My Crappy SAT Essay

I misspelled "illiterate," and have never read "The Snows of Kilimanjaro."

I’m a professional writer. This is my SAT essay. I misspelled “illiterate” and reference a story I never read. I also have no illiterate classmates.

Last November, Neil took the SAT for the first time. At least one fellow homeschooler has opined that someone as accomplished as Neil needn’t jump through such a hoop, but the sad fact is that many scholarships are tied directly to having an SAT score, and, after all, it didn’t seem like such a stupid hoop at the time.

We were both thoroughly flabbergasted when his score was drastically affected by his essay score. We got the essay back, and it was his typical style of a well-thought out answer giving his opinion, but giving the counterpoint as well. There were no spelling or grammatical mistakes, and he’d managed to put in several solid examples behind his point of view, and managed to get in a conclusion within the 25 minutes. That in itself is miraculous, since he typically spends hours researching and thinking about his papers. For that, he got a 3 (out of a possible score of 6.)

We quickly did our research, and discovered that the SAT essay test has nothing to do with testing writing ability. According to several sites and SAT preparation books, the key to getting a good score on the SAT essay portion is to 1) stick to your opinion like a wart on a toad, 2) write big and fill both pages, and 3) use the longest, most pretentious words you possibly can. Obsequiously referencing long books and tedious chapters of history may help. Being coherent, and factually accurate are completely optional.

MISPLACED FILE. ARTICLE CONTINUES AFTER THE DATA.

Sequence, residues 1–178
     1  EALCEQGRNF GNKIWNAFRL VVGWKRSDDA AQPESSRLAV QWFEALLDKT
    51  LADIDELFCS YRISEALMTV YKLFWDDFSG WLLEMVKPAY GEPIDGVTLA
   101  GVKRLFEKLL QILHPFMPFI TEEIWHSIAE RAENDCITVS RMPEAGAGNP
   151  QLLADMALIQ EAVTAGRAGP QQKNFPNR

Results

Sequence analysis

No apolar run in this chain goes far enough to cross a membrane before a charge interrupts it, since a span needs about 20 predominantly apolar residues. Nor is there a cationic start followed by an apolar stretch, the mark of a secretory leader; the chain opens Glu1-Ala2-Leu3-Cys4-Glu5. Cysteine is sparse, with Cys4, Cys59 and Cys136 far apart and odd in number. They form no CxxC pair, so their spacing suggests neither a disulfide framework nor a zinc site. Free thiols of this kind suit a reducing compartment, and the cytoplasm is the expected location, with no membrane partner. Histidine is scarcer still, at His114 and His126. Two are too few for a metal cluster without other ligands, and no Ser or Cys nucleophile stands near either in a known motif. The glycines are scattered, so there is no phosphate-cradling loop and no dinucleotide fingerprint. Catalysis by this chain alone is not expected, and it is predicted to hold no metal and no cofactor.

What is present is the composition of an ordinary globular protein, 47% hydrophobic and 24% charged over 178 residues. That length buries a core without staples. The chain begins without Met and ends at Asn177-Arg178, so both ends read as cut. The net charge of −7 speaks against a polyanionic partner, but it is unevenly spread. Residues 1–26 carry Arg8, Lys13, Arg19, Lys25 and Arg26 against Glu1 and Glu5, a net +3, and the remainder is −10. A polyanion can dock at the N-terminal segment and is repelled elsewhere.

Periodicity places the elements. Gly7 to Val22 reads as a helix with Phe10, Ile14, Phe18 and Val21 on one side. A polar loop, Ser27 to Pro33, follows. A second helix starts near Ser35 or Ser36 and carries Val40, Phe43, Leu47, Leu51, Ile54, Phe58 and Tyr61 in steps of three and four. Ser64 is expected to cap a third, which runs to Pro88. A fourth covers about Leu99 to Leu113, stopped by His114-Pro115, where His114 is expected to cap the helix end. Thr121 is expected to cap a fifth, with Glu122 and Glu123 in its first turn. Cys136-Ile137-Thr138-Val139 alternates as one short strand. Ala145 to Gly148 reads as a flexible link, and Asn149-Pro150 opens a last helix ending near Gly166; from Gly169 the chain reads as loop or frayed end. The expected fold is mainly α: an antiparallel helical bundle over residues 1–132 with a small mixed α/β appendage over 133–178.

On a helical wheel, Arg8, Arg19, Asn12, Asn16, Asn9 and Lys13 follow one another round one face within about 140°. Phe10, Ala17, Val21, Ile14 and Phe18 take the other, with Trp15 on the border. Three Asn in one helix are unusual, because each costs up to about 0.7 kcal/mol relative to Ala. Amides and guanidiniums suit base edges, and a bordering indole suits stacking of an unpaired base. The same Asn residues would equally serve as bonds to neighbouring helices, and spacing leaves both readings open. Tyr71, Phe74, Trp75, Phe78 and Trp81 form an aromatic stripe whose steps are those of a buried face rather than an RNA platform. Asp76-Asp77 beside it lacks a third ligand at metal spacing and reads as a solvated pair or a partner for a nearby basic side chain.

Just the thought of it made me want to break out in a primal scream. My lifelong career has been as writer and editor. I would like to think I’ve taught my son well, and besides writing literature essays for me, he writes this blog, and has written puzzles for The New York Times.

But if he needs to learn how to write crappy essays in 25 minutes or less to get a good SAT score, that is a useless skill which may be learned (and hopefully unlearned afterwards.) We’re practicing now, and in sympathy, I’ll spew out an essay on the same prompt alongside my son, and then we compare. It is amazing what nonsense even this experienced writer will fart forth, given the real constraints of this test. Our first effort was so embarrassingly vile, both papers had to be put to the shredder lest an innocent person with any critical thinking skills be poisoned by its prose. Just to give you an inkling of what you’re missing, I spent half of it referencing War and Peace, which I have never read.

I truly out did myself today, however. I misspelled “illiterate” and rambled on about “The Snows of Kilimanjaro” which I have also never read in my life, and got it epically wrong. Well, I did get the author right. And I did fill both pages in BIG almost-legible writing. And I used the words “eschew,” “hencetoforth,” and “perspicaciously” correctly. I think. I’m also not sure what “perspicaciously” means, but I know it looks like a big, pretentious word which will hopefully impress the grader. And that is what these essays are scored on, so I bet it’s worth a “5,” if not more.

Update: Neil ground away at mastering how to write an SAT essay (via excellent tips and strategies in Shaan Patel’s SAT 2400) and got a 6 on his essay, as well as a perfect score on the other questions.

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